Baylor's first-ever All-American in men's tennis, Jooste earned ITA honors in 1999 and 2000. He posted a 94-53 (.640) career record in singles and a 72-51 (.640) mark in doubles. Jooste's 94 career singles victories rank in a tie for 10th-place on the Bears' career list. He appeared in the final ITA individual rankings three times in his collegiate career--finishing 67th as a sophomore in 1998, 18th in 1999 and 29th in his final green and gold campaign, while twice being ranked in the final national doubles ranking with partner David Hodge (29th in 1998 and 25th in 1999).
A key in the resurgence of the Bears' tennis program under coach Matt Knoll, Jooste played No. 1 singles and doubles for a BU squad that reached the NCAA Tournament for the first time ever in 1998, then advanced to the quarterfinals in 1999 and the Round of 16 in 2000. On the court, the 1999 Big 12 Player of the Year and Pretoria, South Africa, native was a four-time All-Big 12 singles performer and a three-time all-league honoree in doubles, while he was a three-time All-Big 12 pick in the classroom. After finishing as the Big 12's runner-up in No. 1 singles in 1998, Jooste came back to post an 8-0 mark en route to the 1999 Big 12 No. 1 singles crown while leading Baylor to its first-ever Big 12 team title in the sport.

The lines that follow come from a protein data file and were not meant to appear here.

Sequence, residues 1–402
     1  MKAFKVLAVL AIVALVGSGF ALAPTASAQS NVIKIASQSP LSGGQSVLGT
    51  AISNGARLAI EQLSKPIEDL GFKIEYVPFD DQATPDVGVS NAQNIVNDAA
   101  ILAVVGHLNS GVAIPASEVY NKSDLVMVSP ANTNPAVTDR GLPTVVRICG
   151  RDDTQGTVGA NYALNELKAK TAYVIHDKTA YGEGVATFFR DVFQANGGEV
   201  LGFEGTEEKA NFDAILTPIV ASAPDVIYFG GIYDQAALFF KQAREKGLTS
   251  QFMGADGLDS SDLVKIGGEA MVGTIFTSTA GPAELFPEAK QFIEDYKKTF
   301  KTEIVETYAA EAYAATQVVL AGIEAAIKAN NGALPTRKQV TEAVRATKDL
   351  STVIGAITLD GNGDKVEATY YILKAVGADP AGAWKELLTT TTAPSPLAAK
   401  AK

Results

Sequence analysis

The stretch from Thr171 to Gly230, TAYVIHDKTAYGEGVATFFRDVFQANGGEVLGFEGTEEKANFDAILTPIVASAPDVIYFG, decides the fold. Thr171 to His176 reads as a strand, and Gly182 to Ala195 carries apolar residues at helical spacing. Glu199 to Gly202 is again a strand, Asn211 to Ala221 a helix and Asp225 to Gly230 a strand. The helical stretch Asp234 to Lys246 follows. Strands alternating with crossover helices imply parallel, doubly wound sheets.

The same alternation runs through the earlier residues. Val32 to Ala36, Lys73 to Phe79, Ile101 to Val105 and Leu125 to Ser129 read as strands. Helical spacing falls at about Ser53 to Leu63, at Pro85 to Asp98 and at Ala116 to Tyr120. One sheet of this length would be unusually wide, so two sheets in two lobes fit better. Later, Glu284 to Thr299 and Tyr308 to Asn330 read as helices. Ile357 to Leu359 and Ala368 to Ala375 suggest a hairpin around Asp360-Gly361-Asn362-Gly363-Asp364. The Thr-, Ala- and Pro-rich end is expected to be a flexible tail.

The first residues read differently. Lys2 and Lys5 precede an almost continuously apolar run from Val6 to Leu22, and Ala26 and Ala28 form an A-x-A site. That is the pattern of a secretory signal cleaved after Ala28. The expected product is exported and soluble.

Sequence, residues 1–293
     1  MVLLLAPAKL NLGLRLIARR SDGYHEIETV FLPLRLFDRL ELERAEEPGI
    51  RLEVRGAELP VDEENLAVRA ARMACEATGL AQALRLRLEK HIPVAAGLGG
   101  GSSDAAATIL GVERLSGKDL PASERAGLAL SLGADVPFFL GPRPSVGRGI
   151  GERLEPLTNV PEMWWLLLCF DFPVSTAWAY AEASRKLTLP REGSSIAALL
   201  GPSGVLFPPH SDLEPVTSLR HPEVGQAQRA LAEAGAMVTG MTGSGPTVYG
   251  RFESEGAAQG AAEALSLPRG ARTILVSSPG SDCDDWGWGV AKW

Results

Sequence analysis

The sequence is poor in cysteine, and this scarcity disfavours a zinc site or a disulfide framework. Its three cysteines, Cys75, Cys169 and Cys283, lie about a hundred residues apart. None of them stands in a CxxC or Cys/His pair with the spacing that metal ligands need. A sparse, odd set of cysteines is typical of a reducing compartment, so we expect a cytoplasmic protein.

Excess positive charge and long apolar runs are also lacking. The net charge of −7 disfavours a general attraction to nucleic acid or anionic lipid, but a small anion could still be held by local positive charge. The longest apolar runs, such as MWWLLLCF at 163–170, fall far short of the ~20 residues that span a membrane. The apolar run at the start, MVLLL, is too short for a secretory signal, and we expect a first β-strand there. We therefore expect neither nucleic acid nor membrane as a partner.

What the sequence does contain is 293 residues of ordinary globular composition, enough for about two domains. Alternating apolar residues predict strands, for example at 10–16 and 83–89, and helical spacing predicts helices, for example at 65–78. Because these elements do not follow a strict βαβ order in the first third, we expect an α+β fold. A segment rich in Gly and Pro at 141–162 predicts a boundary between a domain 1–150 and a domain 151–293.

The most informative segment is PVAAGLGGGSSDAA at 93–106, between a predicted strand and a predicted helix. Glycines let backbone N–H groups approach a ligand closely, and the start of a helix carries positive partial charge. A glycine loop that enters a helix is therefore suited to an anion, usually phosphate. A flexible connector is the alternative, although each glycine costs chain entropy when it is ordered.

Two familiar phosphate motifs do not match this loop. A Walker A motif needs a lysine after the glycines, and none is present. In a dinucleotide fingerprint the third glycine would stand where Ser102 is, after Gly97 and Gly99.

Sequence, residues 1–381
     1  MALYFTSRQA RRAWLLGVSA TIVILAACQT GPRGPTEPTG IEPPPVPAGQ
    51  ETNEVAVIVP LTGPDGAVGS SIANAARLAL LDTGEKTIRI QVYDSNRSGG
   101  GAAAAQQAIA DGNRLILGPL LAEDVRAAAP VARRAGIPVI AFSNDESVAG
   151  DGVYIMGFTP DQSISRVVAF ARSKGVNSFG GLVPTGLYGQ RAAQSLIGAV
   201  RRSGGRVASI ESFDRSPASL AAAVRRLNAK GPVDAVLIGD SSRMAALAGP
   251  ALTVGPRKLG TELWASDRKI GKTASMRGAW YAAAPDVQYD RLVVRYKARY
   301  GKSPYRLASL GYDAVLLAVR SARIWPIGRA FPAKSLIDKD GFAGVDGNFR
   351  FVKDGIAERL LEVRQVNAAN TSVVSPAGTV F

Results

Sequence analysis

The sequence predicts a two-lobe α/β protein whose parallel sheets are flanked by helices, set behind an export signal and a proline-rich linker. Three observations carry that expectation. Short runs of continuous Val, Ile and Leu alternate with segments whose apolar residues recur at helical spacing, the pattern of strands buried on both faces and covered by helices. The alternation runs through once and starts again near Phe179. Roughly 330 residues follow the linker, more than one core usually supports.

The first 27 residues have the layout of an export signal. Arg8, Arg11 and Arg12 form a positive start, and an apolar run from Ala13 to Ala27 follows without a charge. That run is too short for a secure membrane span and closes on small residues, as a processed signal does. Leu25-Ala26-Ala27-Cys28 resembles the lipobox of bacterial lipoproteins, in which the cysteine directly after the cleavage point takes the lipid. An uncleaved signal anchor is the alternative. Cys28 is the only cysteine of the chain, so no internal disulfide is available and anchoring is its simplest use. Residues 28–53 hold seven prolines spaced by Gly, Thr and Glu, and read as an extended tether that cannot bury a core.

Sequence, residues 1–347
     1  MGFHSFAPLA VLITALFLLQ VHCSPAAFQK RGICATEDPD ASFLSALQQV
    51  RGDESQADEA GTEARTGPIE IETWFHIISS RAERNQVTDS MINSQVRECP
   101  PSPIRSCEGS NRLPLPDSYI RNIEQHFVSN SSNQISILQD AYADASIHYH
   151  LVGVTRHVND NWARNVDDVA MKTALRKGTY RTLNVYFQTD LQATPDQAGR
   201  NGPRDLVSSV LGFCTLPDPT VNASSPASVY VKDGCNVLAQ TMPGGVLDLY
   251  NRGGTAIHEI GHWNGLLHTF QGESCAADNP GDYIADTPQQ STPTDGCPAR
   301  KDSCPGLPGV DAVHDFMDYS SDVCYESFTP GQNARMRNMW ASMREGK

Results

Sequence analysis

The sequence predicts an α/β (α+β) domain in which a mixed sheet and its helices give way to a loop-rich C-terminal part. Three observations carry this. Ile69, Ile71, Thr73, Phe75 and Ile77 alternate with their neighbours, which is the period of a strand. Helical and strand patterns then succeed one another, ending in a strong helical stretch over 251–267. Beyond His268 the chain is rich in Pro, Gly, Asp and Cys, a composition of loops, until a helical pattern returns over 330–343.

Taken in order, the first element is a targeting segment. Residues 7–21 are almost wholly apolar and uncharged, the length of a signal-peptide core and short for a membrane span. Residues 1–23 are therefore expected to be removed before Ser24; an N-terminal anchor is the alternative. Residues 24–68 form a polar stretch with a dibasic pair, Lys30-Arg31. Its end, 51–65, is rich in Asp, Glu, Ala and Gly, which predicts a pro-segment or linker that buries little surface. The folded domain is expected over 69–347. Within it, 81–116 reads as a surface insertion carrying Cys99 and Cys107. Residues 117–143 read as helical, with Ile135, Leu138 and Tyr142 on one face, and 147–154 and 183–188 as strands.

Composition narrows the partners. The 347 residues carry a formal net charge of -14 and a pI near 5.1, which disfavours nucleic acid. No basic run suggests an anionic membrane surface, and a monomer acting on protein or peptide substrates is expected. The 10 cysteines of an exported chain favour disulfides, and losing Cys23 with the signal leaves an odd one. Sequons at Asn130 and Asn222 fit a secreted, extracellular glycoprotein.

Saunders was a four-time All-Big 12 selection from 1996-99, earning three first-team awards during her standout career. Arguably the most prolific offensive player in school history, she still holds Baylor career records for shots (425), points (172), assists (34), multi-assist games (four), goals (69), multi-goal games (19), consecutive games with a point scored (11), game-winning goals (21) and game-winning assists (nine).